Our congratulations go out to Mr. Reg Wright who has been appointed as the new President and CEO for the Gander International Airport Authority
replacing the retiring Gary Vey. In the past we have had a great relationship with Reg while being Manager of Marketing and I am sure this will continue in his new position. We wish him all the best in his endeavours and that goes also to the GIAA. From where we sit their plate looks pretty full.
Wednesday, May 28, 2014
Monday, May 26, 2014
We have just posted a new page about the 1967 Czech Crash on our website. The information it contains is from an aviation column published in the Gander Beacon in December of 2013 written by Frank Tibbo. This a great column where it describes almost every detail of the flight itself, the rescue of the survivors and a very interesting hypothesis by Frank as to why this accident happened. Some very good research went into this column and worth while reading.
Wednesday, May 21, 2014
There are only 2 Lancaster bombers that are airworthy in the world. One in Canada and one in Great Britain. Canada’s Lancaster will be flying again across the North Atlantic to join her sister in an airshow this summer. The Lanc will be touching down in Newfoundland and Labrador for refuelling but unfortunately it will not be in Gander but Goose Bay. The flight route will take her over Greenland and Iceland enroute to Great Britain for a Bomber Command visit at the Royal Air Force station in Coningsby, Lincolnshire.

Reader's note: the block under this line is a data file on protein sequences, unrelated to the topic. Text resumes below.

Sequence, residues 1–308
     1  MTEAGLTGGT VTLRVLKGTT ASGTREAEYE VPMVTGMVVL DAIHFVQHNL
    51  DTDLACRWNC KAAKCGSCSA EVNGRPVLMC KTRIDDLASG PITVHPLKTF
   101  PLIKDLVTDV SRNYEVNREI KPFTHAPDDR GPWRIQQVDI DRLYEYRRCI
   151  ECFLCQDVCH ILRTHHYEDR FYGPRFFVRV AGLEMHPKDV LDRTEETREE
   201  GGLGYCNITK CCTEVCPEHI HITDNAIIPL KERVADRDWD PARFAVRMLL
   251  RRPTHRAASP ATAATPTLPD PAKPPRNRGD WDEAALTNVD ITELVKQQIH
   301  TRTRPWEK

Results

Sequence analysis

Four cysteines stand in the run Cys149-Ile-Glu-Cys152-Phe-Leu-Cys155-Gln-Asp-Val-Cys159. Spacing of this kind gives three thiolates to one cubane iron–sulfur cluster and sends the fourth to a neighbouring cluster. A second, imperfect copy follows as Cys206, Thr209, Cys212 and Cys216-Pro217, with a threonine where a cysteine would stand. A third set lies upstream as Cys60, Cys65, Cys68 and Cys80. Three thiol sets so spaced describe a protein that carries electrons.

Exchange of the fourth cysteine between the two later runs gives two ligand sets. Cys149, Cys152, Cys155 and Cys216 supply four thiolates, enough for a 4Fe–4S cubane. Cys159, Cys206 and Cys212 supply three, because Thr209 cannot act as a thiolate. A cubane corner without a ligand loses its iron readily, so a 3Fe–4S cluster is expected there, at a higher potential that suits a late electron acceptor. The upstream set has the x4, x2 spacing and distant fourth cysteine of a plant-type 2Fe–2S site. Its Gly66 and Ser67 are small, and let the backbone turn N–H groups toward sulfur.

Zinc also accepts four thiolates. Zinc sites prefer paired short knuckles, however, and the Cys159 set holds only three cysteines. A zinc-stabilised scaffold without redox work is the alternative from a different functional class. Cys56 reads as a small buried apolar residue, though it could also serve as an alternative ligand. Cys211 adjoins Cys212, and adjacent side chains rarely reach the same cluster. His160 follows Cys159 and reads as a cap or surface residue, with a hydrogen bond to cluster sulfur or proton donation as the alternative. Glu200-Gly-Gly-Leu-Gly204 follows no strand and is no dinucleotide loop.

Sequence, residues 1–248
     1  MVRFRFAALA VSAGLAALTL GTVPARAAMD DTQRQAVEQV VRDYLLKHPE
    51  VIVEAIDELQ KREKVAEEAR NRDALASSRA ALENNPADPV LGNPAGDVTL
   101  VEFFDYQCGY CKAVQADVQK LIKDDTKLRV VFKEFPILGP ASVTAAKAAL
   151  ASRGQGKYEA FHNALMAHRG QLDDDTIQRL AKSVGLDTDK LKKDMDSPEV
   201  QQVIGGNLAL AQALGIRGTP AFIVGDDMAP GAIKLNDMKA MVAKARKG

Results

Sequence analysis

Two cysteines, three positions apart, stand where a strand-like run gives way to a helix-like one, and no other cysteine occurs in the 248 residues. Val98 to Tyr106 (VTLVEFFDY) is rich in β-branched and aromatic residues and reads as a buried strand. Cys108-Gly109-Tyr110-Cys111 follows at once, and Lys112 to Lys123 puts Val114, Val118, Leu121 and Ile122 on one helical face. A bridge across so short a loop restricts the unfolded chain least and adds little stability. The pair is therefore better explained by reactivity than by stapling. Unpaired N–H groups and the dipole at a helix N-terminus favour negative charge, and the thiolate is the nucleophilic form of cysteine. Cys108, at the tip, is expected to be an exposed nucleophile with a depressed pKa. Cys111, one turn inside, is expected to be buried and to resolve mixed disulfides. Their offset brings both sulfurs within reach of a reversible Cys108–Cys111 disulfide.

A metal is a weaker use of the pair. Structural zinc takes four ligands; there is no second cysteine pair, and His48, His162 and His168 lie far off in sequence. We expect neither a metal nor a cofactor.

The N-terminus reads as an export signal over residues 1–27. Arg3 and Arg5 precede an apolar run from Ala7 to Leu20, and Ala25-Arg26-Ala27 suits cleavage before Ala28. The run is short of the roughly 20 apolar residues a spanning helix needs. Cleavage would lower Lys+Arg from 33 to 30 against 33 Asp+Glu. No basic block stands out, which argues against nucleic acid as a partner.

Sunday, May 11, 2014
Gander airport’s most used topic recently has been about the proposed replacement of the present terminal. In particular, the artistic design of the building. CBC News has recently presented a very fine video showing these items with commentary from Alan Elder, a curator for the Canadian Museum of History in Gatineau, about the historical and artistic significance of the Gander Airport terminal. One thing to take note during the video is that this building, constructed in the mid 1950's, was the first of it’s kind in Canada and was used as a model for other terminals across the country.
Thursday, May 1, 2014
Since our last post with reference to the Gander Terminal, it has come to our attention that an online petition has been put in place to ask for provincial and federal support in preserving this building for it’s historical value. The petition is poorly written in that it stipulates the airport itself is up for grabs and not specifically the terminal. Other than this minor detail, we agree whole heartily in seeking this support. We also agree that the GIAA has the right to manage it’s finances prudently and do what is best for the survival of the airport itself. We are confident that the GIAA has every intention in preserving the artifacts from the present building. The problem we face now is whether or not there is enough support out there to come up with a solution that will satisfy everyone.